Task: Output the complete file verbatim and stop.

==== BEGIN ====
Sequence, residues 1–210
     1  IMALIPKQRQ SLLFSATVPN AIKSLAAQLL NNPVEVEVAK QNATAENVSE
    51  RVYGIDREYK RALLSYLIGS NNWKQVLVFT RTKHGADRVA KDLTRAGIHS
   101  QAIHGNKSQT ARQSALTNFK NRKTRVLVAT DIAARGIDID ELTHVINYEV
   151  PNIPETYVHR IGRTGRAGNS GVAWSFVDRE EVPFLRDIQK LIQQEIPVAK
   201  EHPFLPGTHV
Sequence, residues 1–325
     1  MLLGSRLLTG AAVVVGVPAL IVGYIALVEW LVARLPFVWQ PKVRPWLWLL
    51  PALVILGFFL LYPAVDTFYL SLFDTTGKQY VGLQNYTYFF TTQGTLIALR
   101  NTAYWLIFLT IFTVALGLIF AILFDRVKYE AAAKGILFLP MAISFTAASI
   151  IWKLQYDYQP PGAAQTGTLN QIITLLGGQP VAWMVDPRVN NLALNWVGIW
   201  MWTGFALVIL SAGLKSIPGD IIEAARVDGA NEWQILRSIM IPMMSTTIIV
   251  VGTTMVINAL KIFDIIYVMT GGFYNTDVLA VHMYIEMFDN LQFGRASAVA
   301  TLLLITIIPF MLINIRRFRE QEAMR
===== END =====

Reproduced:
Sequence, residues 1–210
     1  IMALIPKQRQ SLLFSATVPN AIKSLAAQLL NNPVEVEVAK QNATAENVSE
    51  RVYGIDREYK RALLSYLIGS NNWKQVLVFT RTKHGADRVA KDLTRAGIHS
   101  QAIHGNKSQT ARQSALTNFK NRKTRVLVAT DIAARGIDID ELTHVINYEV
   151  PNIPETYVHR IGRTGRAGNS GVAWSFVDRE EVPFLRDIQK LIQQEIPVAK
   201  EHPFLPGTHV
Sequence, residues 1–325
     1  MLLGSRLLTG AAVVVGVPAL IVGYIALVEW LVARLPFVWQ PKVRPWLWLL
    51  PALVILGFFL LYPAVDTFYL SLFDTTGKQY VGLQNYTYFF TTQGTLIALR
   101  NTAYWLIFLT IFTVALGLIF AILFDRVKYE AAAKGILFLP MAISFTAASI
   151  IWKLQYDYQP PGAAQTGTLN QIITLLGGQP VAWMVDPRVN NLALNWVGIW
   201  MWTGFALVIL SAGLKSIPGD IIEAARVDGA NEWQILRSIM IPMMSTTIIV
   251  VGTTMVINAL KIFDIIYVMT GGFYNTDVLA VHMYIEMFDN LQFGRASAVA
   301  TLLLITIIPF MLINIRRFRE QEAMR